The Transportation Security Administration used its emergency powers to amend security directives for airport and aircraft operators, citing “persistent cybersecurity threats against U.S. infrastructure, including the aviation sector.”
According to a TSA release, the amendment will compel regulated entities in the aviation sector to develop plans for hardening resilience to their digital networks and infrastructure in the face of an ongoing cyberattack.
The required actions include segmenting network activity to ensure IT and operational technology systems can continue operating if one or the other is compromised, putting access controls around sensitive systems, implementing continuous monitoring and detection for cybersecurity threats and ensuring timely patching of vulnerable systems. They must also test the effectiveness of any protections put in place.
“Protecting our nation’s transportation system is our highest priority and TSA will continue to work closely with industry stakeholders across all transportation modes to reduce cybersecurity risks and improve cyber resilience to support safe, secure and efficient travel,” said TSA Administrator David Pekoske in a statement. “This amendment to the aviation security programs extends similar performance-based requirements that currently apply to other transportation system critical infrastructure.”
A TSA spokesperson told SC Media "the emergency amendment has been coordinated with other federal agencies during the policy development process and becomes effective immediately upon issuance."
Like many industries in critical infrastructure, airports have embraced the internet age in ways that have made them more coordinated and convenient but also more exposed. A 2019 Atlantic Council report found that airports assets are "increasingly connected and digitized, with many of these services also having remote or wireless connections" that could potentially be exploited by malicious hackers.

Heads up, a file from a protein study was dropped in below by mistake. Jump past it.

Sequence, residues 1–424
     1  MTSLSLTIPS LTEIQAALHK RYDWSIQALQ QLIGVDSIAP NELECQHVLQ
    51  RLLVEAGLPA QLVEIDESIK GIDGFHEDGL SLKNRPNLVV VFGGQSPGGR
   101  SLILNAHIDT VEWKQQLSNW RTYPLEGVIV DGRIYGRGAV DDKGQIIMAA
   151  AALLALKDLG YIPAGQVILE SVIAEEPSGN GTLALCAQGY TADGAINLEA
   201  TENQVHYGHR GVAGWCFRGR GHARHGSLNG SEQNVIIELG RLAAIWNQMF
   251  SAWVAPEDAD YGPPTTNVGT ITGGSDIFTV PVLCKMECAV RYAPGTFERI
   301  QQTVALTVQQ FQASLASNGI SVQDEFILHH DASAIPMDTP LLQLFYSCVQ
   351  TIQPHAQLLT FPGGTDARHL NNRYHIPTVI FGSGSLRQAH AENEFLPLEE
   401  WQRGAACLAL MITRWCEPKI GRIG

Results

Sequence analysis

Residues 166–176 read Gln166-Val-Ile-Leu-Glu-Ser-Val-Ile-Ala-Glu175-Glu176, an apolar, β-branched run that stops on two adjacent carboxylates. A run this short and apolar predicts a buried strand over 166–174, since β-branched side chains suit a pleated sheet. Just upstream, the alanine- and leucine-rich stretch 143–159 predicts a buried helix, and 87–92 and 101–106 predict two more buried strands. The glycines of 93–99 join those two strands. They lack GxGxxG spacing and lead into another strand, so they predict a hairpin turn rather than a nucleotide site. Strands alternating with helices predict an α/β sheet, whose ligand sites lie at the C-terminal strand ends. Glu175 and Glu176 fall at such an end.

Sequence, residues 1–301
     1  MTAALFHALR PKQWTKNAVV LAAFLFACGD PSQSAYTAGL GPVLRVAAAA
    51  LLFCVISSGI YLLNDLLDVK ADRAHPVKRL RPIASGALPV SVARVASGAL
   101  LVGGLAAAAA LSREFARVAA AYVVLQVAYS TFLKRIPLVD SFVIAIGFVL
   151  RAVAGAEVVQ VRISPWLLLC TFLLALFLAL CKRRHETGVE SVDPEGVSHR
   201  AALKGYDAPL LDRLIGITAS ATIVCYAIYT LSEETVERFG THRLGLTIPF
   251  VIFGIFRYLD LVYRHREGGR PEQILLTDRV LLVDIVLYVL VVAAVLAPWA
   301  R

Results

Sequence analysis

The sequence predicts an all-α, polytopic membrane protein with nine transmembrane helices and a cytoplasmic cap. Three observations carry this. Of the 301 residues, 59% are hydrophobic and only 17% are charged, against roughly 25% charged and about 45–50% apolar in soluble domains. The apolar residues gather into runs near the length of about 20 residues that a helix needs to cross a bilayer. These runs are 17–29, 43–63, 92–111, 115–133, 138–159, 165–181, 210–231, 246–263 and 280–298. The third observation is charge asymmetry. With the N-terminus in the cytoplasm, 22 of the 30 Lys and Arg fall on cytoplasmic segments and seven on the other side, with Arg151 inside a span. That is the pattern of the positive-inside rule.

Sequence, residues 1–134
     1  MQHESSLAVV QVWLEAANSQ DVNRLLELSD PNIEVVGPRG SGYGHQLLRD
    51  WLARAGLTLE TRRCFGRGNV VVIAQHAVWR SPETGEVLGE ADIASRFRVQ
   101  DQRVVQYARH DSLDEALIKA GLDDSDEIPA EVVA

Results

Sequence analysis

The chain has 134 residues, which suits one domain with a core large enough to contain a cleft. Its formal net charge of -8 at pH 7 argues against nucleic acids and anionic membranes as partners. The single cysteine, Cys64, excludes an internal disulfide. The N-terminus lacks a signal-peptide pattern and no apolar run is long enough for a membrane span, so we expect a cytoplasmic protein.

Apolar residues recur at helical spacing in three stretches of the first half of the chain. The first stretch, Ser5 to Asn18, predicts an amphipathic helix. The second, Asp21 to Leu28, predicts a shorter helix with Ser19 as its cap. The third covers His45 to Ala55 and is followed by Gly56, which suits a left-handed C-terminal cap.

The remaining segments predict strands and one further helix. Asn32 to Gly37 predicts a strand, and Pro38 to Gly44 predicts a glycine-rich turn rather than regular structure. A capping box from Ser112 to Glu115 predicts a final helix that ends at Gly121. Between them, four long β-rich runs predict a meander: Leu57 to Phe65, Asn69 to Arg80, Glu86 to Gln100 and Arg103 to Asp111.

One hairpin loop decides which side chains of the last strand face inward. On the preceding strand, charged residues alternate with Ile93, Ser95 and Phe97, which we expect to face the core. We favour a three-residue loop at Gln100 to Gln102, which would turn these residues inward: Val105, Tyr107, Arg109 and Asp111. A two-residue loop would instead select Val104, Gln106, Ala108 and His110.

"These range from access-control and airside systems such as maintenance, tugs, and high-speed wireless links between the aircraft and docking gate," wrote authors Pete Cooper, Simon Handler and Safa Shahwan Edwards. "All of these digitized services exist against a backdrop of complex airport management and accountability, making it difficult to holistically define and defend such an attack surface."
The move represents the latest effort by federal agencies under the Biden administration to establish baseline cybersecurity rules for critical infrastructure sectors that underpin essential services to Americans. TSA established a host of new regulations in 2021 for the oil, gas and pipeline sectors following a ransomware attack against Colonial Pipeline that led to temporary gas shortages up and down the East Coast.
It also comes after pro-Russian hackers hit a handful of U.S. airport websites with Distributed Denial-of-Service attacks last year, temporarily disrupting their availability. The websites were quickly restored and the attacks did not have any impact on actual airport operational IT or operational technology infrastructure.
The rules are nearly identical to ones placed on the passenger and freight sectors las year. Airports and aircraft operators have already been subjected to new rules mandating the creation of proactive incident response plans, vulnerability assessments and a designated point of contact for cyber issues, while legislation passed by Congress last year requires the aviation sector and other critical infrastructure to report hacks and ransom payments to the Cybersecurity and Infrastructure Security Agency. The TSA also put similar rules in place for the passenger and freight railroad sector in late 2021.
It's the second concrete example of federal cyber rules to emerge after the White House released a national cyber strategy last week that leans heavily on using existing regulatory authorities to set higher security standards within critical infrastructure. Last week, the Environmental Protection Agency clarified that a law mandating states take certain steps to ensure safe drinking water must now include evaluations of cybersecurity vulnerabilities as well as physical ones.